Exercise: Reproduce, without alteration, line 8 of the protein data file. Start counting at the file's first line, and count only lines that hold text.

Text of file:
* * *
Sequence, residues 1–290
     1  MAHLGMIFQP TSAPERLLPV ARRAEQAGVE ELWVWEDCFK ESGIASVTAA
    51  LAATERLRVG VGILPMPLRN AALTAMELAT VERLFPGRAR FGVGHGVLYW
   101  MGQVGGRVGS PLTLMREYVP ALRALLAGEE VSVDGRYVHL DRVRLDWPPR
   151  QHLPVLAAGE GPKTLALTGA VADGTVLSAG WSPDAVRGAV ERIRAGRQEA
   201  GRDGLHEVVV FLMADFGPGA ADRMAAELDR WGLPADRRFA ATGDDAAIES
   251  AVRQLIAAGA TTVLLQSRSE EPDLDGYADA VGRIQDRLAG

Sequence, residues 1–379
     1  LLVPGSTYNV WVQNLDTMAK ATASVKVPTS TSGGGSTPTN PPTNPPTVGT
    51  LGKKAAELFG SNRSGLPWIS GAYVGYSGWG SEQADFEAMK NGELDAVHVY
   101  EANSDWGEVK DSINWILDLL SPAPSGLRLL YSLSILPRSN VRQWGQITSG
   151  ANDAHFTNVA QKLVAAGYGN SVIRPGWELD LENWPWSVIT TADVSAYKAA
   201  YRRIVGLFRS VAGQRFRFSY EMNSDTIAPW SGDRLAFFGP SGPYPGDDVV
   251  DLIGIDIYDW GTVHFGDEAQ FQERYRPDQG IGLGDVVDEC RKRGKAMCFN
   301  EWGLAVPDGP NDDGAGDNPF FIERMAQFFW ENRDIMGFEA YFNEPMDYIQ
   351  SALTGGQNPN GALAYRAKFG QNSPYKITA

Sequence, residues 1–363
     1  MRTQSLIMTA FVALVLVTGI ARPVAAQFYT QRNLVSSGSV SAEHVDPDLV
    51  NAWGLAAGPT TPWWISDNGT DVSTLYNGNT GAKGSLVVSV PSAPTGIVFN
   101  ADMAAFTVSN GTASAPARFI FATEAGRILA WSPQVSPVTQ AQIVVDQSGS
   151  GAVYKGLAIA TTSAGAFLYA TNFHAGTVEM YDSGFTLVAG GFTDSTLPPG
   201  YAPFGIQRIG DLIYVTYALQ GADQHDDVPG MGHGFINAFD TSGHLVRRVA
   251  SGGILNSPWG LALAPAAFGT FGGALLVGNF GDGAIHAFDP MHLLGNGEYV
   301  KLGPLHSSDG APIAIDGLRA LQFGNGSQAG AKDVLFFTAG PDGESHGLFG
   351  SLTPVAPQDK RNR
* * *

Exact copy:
Sequence, residues 1–379